Civ. A. No. 90-8101.
January 27, 1993.
Gerald E. Arth, Ira B. Silverstein, Leslie M. Gerstein, Brian M. Fleischer, Lisa A. Carney, Fox, Rothschild, O'Brien Frankel, and Kenneth M. Koloski, Reed Smith Shaw Clay, Philadelphia, PA, for plaintiffs.
Christopher D. Warren, Conrad, O'Brien, Gellman, De Stefano Rohn, Philadelphia, PA, Judith Welcom, Brown Wood, Felice M. Batlan, John J. O'Connell, Stein, Zauderer, Ellenhorn, Frischer Sharp, New York City, William A. De Stefano, De Stefano Warren, P.C., Philadelphia, PA, for defendants.
Warren T. Pratt, Drinker, Biddle Reath, Broad Chestnut Streets, Philadelphia, PA, for movant.
Robert W. Hayes, Scott M. Waldman, Cozen O'Connor, Philadelphia, PA, for cross-claimants.
Elizabeth H. Fay, Philadelphia, PA, for Janney Montgomery Scott, Inc., cross-defendant.
Anjali Jesseramsing, Geoffrey A. Kahn, Arthur Makadon, Ballard, Spahr, Andrews and Ingersoll, Philadelphia, PA, for Provident Nat. Bank cross-defendant.
Walter R. Milbourne, Paula D. Shaffner, Saul, Ewing, Remick Saul, Philadelphia, PA, for Jungers, O'Connell Bacheler, P.C., John P. Jungers.
Patrick Matusky, Jennifer L. Haltzman, Wolf, Block, Schorr and Solis-Cohen, Philadelphia, PA, for Equibank, Inc.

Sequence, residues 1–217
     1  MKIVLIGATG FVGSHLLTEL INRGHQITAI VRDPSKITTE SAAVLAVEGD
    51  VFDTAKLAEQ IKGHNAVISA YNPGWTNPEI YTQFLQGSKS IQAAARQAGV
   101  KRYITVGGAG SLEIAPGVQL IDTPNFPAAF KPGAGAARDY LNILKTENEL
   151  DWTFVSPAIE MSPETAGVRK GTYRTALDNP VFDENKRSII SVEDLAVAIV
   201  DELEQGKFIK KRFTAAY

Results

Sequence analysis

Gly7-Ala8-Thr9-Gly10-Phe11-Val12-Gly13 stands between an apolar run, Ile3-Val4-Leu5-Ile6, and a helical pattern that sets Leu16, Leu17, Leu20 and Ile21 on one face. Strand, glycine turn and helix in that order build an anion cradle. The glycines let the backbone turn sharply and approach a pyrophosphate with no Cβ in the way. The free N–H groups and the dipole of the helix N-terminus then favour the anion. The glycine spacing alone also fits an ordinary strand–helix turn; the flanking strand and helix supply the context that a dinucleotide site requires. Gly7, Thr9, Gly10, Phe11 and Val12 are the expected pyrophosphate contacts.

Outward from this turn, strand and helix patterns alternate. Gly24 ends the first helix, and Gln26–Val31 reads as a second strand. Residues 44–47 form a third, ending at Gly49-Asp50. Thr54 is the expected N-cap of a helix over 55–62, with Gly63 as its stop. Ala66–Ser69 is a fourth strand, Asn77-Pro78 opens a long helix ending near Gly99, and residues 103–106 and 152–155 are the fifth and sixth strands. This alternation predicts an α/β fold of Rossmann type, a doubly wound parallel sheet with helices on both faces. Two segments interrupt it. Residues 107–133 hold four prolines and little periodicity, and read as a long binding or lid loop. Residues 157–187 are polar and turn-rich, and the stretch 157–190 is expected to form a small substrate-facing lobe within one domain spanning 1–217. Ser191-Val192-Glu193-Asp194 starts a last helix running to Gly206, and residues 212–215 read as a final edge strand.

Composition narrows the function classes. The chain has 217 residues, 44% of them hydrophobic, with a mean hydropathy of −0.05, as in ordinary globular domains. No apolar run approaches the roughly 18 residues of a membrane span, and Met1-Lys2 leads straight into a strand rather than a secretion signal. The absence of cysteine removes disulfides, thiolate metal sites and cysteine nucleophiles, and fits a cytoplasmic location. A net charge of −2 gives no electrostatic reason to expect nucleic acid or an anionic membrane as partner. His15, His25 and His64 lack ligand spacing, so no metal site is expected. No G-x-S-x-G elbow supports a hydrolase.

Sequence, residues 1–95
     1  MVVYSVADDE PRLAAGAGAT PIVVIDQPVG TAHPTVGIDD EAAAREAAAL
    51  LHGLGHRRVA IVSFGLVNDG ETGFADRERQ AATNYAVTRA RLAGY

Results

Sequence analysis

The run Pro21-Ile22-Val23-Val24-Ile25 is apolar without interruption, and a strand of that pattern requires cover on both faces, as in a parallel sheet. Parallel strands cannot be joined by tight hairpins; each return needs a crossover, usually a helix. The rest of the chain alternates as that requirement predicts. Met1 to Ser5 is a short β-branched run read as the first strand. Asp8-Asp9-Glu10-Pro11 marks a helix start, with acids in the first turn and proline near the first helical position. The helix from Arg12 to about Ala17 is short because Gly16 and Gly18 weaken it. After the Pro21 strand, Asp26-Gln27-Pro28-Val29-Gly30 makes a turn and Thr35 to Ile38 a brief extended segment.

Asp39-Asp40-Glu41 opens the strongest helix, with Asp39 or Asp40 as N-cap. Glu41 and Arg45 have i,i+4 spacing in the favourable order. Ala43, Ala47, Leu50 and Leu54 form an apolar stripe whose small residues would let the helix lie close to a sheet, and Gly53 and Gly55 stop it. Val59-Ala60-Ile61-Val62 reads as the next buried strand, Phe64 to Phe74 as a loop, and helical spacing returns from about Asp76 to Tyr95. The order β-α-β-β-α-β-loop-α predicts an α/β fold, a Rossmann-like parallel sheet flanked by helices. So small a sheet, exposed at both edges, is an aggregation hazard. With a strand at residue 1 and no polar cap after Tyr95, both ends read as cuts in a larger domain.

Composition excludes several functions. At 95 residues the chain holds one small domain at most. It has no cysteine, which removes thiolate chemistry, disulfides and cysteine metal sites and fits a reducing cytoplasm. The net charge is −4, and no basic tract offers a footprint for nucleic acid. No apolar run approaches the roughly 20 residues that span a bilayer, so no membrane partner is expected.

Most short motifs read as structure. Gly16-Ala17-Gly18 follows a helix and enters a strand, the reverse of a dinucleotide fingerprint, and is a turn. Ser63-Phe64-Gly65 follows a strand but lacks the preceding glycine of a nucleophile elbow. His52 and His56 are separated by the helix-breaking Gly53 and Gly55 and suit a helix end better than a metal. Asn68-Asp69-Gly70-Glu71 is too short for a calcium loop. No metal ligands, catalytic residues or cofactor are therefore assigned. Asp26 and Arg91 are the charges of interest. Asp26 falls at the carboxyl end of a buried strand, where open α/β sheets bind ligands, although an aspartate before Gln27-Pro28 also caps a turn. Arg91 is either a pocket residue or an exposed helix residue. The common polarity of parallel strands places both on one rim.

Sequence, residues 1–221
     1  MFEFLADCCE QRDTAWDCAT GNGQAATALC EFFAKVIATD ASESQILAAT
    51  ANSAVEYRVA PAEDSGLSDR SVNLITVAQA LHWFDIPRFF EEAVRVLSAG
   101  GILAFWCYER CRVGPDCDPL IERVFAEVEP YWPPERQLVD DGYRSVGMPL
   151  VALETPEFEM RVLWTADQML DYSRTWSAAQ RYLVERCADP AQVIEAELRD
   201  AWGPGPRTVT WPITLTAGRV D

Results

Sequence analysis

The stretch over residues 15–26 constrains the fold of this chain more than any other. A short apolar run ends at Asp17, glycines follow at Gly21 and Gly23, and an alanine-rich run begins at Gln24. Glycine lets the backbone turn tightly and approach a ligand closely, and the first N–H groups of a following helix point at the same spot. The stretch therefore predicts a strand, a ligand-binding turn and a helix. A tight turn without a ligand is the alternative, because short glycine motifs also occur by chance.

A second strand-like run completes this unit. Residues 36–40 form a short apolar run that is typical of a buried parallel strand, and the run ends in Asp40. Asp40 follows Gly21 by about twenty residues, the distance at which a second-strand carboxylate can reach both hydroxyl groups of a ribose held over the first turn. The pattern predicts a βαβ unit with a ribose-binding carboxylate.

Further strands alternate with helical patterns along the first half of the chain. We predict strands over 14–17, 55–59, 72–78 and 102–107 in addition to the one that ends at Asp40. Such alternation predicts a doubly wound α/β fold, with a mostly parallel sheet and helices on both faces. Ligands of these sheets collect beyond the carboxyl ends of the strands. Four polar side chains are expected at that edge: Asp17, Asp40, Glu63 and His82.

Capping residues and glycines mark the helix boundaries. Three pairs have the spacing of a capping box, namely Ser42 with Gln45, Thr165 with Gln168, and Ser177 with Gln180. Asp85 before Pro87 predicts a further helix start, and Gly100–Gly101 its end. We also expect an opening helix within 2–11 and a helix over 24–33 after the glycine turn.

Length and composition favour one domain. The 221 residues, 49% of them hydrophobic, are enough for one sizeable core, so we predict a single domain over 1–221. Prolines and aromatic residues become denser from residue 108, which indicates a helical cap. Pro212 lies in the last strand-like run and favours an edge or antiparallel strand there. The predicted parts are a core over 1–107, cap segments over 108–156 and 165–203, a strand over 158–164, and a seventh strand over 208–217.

The plaintiffs, the Glaziers and Glassworkers Union Local 252's Annuity, Vacation, Pension and Health and Welfare Funds has filed a motion for reconsideration of this Court's Orders of December 3, 1992 in which the Court granted Defendants Jungers, O'Connell Bacheler, P.C. and John P. Jungers' ("Jungers") motion to dismiss and Defendant Equibank's motion for judgment on the pleadings and to dismiss. The purpose of such a motion is to allow the court the opportunity to correct any manifest errors of law or fact or to present newly discovered evidence which would provide a basis for this Court to vacate, alter or modify said rulings. Harsco Corp. v. Zlotnicki, 779 F.2d 906, 909 (3d Cir. 1985). Having reconsidered our December 3, 1992 rulings, we find that as to both the federal and state law claims of the plaintiffs' against Jungers and Equibank, our rulings are to remain in full force and effect. However, in light of the recent barrage of correspondence from counsel and the apparent ambiguity in our rulings, we will reconsider and clarify our decision regarding the cross-claims for indemnification and contribution filed by the defendants Richard L. Socket, James A. Williams, James A. Arsenault, Joseph T. Falotico, Edwin J. Berkowitz, Larry E. Golbeski, Joseph E. Davis, Bernard Galenberg, Joseph T. Ashdale, Barry Shore and Anthony D'Angelo (the "Trustees") against Jungers and Equibank.